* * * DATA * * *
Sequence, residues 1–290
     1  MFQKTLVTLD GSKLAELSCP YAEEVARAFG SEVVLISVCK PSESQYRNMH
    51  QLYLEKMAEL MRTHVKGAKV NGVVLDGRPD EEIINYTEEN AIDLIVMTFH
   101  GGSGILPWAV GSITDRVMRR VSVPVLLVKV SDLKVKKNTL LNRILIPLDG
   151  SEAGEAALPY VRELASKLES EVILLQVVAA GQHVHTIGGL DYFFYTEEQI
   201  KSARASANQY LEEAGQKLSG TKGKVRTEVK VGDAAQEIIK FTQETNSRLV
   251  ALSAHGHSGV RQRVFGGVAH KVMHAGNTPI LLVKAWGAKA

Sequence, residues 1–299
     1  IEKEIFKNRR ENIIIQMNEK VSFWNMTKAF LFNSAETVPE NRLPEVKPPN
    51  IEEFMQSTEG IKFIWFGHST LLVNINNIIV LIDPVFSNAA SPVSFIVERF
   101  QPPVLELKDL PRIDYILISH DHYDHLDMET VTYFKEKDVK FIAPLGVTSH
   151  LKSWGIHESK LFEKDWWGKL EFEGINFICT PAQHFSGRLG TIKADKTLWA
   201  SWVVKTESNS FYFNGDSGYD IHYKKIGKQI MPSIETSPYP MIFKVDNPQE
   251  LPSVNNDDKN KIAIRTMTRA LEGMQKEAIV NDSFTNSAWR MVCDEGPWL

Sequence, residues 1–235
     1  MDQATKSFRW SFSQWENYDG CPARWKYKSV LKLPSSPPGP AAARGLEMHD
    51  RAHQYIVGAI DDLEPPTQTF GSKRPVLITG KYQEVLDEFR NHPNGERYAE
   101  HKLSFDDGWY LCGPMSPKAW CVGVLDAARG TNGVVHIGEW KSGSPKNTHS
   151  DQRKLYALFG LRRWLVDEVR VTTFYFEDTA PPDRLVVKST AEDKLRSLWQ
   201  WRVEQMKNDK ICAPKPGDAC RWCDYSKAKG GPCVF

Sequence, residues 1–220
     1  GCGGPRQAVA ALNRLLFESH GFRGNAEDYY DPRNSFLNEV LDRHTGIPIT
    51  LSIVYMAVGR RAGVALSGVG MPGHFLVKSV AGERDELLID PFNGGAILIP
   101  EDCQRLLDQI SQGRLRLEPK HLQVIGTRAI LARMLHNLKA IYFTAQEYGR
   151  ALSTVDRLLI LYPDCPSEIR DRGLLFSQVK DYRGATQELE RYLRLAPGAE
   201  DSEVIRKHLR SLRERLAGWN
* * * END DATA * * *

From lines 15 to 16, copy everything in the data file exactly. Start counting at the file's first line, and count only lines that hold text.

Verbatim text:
Sequence, residues 1–235
     1  MDQATKSFRW SFSQWENYDG CPARWKYKSV LKLPSSPPGP AAARGLEMHD